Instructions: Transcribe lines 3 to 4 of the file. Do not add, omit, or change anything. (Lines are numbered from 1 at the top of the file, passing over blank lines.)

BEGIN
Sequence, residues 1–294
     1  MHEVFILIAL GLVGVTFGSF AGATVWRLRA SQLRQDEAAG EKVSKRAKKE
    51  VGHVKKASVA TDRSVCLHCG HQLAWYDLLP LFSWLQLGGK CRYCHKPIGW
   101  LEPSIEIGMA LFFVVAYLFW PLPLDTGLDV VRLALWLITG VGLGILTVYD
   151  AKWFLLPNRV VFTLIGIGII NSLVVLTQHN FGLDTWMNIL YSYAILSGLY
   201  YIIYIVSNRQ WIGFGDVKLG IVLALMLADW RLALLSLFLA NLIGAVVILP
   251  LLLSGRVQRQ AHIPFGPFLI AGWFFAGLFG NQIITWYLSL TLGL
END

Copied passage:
    51  VGHVKKASVA TDRSVCLHCG HQLAWYDLLP LFSWLQLGGK CRYCHKPIGW
   101  LEPSIEIGMA LFFVVAYLFW PLPLDTGLDV VRLALWLITG VGLGILTVYD